525 and makes it possible to take advantage of some of the strengths of established
526 ways of representing documents, (or indeed to create new ones).
528 1. also chosen for the meaning of the Finnish term "sisu".
530 2 objects include: headings, paragraphs, verse, tables, images, but not
531 footnotes/endnotes which are numbered separately and tied to the object from
532 which they are referenced.
534 More information on SiSU provided at: <>
536 SiSU was developed in relation to legal documents, and is strong across a wide
537 variety of texts (law, literature...(humanities, law and part of the social
538 sciences)). SiSU handles images but is not suitable for formulae/ statistics,
539 or for technical writing at this time.
541 SiSU has been developed and has been in use for several years. Requirements to
542 cover a wide range of documents within its use domain have been explored.
544 <>
545 <>
546 <>
547 <>
548 2010
549 w3 since October 3 1993
550 * Finding SiSU
551 ** source
554 *** sisu
555 sisu git repo:
558 **** most recent source without repo history
559 git clone --depth 1 git:// --branch upstream
560 **** full clone
561 git clone git:// --branch upstream
563 *** sisu-markup-samples git repo:
566 ** mailing list
567 sisu at
570 ** irc oftc #sisu
572 ** home pages
573 <>
574 <>
575 <>
577 * Installation
579 ** where you take responsibility for having the correct dependencies
581 Provided you have *Ruby*, *SiSU* can be run.
583 SiSU should be run from the directory containing your sisu marked up document
584 set.
586 This works fine so long as you already have sisu external dependencies in
587 place. For many operations such as html, epub, odt this is likely to be fine.
588 Note however, that additional external package dependencies, such as texlive
589 (for pdfs), sqlite3 or postgresql (for search) should you desire to use them
590 are not taken care of for you.
592 *** run off the source tarball without installation
595 ..........................................................
597 **** 1. Obtain the latest sisu source
599 using git:
604 git clone git:// --branch upstream
605 git clone --depth 1 git:// --branch upstream
607 or, identify latest available source:
615 and download the:
617 sisu_5.4.5.orig.tar.xz
619 using debian tool dget:
621 The dget tool is included within the devscripts package
623 to install dget install devscripts:
625 apt-get install devscripts
627 and then you can get it from Debian:
628 dget -xu
630 or off sisu repos
631 dget -x
632 or
633 dget -x
635 **** 2. Unpack the source
637 Provided you have *Ruby*, *SiSU* can be run without installation straight from
638 the source package directory tree.
640 Run ruby against the full path to bin/sisu (in the unzipped source package
641 directory tree). SiSU should be run from the directory containing your sisu
642 marked up document set.
644 ruby ~/sisu-5.4.5/bin/sisu --html -v document_name.sst
646 This works fine so long as you already have sisu external dependencies in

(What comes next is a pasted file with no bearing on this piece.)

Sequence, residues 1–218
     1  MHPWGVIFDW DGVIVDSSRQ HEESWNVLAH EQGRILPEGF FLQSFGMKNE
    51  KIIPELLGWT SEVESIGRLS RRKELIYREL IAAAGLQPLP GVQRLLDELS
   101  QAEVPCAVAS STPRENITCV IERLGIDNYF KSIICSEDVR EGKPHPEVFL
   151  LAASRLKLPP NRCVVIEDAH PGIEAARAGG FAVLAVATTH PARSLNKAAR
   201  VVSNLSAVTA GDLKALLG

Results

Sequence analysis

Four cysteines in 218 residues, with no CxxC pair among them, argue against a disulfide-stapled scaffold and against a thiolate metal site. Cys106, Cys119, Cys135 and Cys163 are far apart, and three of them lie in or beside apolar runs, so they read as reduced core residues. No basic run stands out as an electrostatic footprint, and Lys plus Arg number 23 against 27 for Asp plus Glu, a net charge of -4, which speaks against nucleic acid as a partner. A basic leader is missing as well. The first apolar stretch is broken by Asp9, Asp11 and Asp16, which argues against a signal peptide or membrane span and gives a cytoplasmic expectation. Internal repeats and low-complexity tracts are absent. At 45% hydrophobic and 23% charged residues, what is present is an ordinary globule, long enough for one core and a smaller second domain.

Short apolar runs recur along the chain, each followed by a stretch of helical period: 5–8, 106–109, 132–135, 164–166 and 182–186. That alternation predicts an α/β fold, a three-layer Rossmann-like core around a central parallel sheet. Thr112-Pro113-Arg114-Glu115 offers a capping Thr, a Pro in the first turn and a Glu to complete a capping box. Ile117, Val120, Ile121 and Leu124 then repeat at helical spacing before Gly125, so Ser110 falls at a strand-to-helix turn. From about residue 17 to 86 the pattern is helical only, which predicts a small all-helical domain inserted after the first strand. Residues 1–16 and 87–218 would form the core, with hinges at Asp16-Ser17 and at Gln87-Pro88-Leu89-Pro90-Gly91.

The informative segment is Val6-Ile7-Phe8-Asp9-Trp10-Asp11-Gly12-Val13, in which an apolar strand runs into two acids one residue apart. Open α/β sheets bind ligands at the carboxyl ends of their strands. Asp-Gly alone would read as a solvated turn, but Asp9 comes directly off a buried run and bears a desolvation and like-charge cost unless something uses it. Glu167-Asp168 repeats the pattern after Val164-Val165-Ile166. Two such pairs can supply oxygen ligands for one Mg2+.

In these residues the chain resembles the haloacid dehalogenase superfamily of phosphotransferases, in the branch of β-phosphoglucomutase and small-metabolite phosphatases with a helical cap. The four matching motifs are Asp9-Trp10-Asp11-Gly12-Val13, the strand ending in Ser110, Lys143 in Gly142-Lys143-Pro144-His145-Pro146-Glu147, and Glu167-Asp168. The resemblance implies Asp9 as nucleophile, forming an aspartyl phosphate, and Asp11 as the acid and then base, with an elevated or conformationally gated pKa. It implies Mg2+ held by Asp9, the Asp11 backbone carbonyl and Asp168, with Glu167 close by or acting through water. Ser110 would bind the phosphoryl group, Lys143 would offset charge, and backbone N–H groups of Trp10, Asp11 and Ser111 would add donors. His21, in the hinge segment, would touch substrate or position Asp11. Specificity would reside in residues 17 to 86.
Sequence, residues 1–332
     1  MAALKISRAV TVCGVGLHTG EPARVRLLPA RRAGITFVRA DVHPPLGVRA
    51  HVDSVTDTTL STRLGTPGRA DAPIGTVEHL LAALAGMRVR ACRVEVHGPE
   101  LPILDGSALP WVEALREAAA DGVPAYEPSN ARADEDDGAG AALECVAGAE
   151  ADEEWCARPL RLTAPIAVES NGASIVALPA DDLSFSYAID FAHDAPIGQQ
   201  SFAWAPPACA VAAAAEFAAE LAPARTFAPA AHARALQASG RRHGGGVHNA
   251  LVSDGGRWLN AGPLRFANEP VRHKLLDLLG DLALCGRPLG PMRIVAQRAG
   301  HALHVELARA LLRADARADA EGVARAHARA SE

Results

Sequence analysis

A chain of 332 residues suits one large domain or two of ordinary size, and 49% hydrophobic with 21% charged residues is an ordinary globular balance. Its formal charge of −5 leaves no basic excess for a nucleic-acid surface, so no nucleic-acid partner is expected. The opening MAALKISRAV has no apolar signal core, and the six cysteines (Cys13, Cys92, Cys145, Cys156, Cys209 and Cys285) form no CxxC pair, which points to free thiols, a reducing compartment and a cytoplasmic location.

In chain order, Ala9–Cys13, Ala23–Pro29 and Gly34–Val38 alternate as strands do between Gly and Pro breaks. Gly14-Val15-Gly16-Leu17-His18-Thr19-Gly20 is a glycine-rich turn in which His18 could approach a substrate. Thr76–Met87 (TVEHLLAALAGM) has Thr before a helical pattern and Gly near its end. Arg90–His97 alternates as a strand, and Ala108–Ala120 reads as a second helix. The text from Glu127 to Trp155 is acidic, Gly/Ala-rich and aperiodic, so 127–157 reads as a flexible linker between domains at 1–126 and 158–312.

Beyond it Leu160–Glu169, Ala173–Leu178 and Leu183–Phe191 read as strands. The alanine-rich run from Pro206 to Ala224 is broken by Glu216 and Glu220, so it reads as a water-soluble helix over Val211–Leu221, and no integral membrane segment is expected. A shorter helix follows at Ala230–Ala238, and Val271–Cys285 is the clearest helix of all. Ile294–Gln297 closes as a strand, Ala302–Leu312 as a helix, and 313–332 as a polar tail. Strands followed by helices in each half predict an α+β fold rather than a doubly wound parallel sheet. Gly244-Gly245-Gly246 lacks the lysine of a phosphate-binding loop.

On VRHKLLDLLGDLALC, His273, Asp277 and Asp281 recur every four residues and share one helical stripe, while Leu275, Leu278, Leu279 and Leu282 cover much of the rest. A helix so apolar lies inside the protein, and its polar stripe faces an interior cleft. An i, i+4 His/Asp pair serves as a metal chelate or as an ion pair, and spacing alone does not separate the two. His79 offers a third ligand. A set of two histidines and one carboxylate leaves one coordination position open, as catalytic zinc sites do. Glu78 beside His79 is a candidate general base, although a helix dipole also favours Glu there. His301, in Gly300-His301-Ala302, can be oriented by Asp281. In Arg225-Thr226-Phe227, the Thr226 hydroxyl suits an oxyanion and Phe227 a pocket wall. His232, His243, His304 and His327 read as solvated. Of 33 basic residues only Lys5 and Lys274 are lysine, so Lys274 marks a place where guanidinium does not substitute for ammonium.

647 place. For many operations such as html, epub, odt this is likely to be fine.
648 Note however, that additional external package dependencies, such as texlive
649 (for pdfs), sqlite3 or postgresql (for search) should you desire to use them
650 are not taken care of for you.
652 *** gem install (with rake)
654 (i) create the gemspec; (ii) build the gem (from the gemspec); (iii) install
655 the gem
657 Provided you have ruby & rake, this can be done with the single command:
659 rake gem_create_build_install
661 to build and install sisu v5 & sisu v6, alias gemcbi
663 separate gems are made/installed for sisu v5 & sisu v6 contained in source.
665 to build and install sisu v5, alias gem5cbi:
667 rake gem_create_build_install_stable
669 to build and install sisu v6, alias gem6cbi:
671 rake gem_create_build_install_unstable
673 for individual steps (create, build, install) see rake options, rake -T to
674 specify sisu version for sisu installed via gem
676 gem search sisu
678 sisu _5.4.5_ --version
680 sisu _6.0.11_ --version
682 to uninstall sisu installed via gem
684 sudo gem uninstall --verbose sisu
686 For a list of alternative actions you may type:
688 rake help
690 rake -T
692 Rake: <> <>
694 *** installation with setup.rb
696 this is a three step process, in the root directory of the unpacked *SiSU* as
697 root type:
699 ruby setup.rb config
700 ruby setup.rb setup
701 #[as root:]
702 ruby setup.rb install
704 further information:
705 <>
706 <>
708 ruby setup.rb config && ruby setup.rb setup && sudo ruby setup.rb install
710 ** Debian install
712 *SiSU* is available off the *Debian* archives. It should necessary only to run
713 as root, Using apt-get:
715 apt-get update
717 apt get install sisu-complete
719 (all sisu dependencies should be taken care of)
721 If there are newer versions of *SiSU* upstream, they will be available by
722 adding the following to your sources list /etc/apt/sources.list
724 #/etc/apt/sources.list
726 deb unstable main non-free
727 deb-src unstable main non-free
729 The non-free section is for sisu markup samples provided, which contain
730 authored works the substantive text of which cannot be changed, and which as a
731 result do not meet the debian free software guidelines.
733 *SiSU* is developed on *Debian*, and packages are available for *Debian* that
734 take care of the dependencies encountered on installation.
736 The package is divided into the following components:
738 *sisu*, the base code, (the main package on which the others depend), without
739 any dependencies other than ruby (and for convenience the ruby webrick web
740 server), this generates a number of types of output on its own, other
741 packages provide additional functionality, and have their dependencies
743 *sisu-complete*, a dummy package that installs the whole of greater sisu as